A large part of Homer's Iliad consists of the detailing of the wretchedness and eventual mundaness of constant war. Even though the main focus and crux of the story is in fact the trials and tribulations of the hero Achilles, the war and Homer's lucid and always new description of it make the work even more enjoyable.
There are many points in the book when the fighting and specific things about the fighting are described in utter disregard for any filter of violence. The following is a prime example straight from the text:
"He brought him down with a glinting jagged rock,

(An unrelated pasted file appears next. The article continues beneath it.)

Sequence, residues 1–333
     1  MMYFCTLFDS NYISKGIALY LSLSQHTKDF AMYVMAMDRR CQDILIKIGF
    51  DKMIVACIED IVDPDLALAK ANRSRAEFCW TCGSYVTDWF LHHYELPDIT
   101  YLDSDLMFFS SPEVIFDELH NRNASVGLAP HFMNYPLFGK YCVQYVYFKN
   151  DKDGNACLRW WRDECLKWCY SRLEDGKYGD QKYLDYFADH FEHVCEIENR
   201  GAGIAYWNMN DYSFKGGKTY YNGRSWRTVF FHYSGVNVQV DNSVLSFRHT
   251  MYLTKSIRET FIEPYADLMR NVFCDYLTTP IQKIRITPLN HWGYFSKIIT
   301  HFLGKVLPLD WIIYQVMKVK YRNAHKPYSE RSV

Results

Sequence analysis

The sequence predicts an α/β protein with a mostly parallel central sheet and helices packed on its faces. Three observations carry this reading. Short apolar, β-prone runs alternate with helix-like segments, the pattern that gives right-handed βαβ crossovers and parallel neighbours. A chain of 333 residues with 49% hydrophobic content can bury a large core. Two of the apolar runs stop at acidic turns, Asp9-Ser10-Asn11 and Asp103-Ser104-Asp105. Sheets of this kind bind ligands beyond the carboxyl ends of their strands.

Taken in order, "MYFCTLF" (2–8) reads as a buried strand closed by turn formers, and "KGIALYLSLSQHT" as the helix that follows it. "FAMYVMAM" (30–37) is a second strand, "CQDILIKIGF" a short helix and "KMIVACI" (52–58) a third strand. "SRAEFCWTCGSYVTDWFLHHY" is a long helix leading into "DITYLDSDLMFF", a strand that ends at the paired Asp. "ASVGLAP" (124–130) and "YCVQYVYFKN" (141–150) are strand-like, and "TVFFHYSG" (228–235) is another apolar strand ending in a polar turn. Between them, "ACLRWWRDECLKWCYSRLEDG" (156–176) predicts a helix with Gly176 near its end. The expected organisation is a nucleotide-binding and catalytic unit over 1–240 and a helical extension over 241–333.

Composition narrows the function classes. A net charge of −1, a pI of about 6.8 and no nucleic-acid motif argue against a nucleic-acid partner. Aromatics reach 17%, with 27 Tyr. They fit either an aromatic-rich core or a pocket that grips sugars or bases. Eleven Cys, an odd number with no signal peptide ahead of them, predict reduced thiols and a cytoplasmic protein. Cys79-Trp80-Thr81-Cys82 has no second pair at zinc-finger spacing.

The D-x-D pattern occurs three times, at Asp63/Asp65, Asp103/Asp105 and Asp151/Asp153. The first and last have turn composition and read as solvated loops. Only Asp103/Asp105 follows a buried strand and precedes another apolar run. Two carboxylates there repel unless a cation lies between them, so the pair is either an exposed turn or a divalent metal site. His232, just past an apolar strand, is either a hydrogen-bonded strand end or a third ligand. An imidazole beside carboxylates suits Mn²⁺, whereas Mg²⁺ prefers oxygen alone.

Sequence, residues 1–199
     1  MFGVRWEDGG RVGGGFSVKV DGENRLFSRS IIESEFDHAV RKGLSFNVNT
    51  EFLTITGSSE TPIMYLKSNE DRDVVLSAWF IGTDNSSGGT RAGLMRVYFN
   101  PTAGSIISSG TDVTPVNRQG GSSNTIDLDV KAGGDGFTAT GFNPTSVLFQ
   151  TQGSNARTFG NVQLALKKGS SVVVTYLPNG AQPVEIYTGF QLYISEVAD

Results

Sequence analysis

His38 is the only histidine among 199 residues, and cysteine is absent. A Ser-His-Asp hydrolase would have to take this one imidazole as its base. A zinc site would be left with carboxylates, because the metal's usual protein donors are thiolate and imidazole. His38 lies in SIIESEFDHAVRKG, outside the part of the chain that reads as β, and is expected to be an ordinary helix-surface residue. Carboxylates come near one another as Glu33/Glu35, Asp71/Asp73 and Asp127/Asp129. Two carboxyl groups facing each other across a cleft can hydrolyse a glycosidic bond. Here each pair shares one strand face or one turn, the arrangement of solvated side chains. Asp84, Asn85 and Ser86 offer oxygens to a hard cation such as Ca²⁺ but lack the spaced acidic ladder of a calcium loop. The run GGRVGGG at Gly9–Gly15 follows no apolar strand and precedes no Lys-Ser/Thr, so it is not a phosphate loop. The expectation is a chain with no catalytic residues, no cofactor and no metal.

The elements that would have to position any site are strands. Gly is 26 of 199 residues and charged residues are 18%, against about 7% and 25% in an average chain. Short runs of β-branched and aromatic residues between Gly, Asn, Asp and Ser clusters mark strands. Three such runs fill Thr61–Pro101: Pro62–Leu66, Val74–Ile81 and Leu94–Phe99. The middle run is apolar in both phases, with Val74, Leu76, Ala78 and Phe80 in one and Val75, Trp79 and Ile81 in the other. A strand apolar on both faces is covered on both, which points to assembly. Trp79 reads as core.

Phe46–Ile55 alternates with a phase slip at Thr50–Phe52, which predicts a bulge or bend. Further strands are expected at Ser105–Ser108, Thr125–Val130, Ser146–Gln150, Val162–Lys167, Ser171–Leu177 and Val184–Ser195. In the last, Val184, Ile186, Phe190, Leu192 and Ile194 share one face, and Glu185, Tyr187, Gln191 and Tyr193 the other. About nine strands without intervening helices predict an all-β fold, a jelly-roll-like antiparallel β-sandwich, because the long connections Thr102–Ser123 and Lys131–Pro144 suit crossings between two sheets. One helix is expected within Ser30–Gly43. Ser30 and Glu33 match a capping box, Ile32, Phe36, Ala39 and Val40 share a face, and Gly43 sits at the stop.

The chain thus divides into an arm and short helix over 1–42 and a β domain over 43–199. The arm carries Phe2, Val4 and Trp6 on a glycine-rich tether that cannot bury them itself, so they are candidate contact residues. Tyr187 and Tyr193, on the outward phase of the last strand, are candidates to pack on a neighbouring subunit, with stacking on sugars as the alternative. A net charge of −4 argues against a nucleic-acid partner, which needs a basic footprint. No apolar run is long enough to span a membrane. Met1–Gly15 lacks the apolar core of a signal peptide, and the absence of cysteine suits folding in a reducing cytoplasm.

massive, top of the heap behind the rampart's edge,
no easy lift for a fighger even in prime strength,
working with both hands, weak as men are now.
Giant Ajax hoisted it high and hurled it down,
crushed the rim of the fighter's four-horned helmet
and cracked his skull to splinters, bloody pulp..."
-Iliad, Fagles, 12.435-443
The type of style used in the Iliad is one that is now obviuosly extinct. The main part of the battles consisted of "one-on-one" challanges in which individual fighters from each side would both agree to fight each other and these individual battles could and often did have great reprecussions. There are many instances throughout the text of Homer that this type of battle activity is shown.
The Iliad's warfare contributes to make this
book one of the best classics of all time, and continue to elucidate
why Homer's works can really be considered of "epic proportions".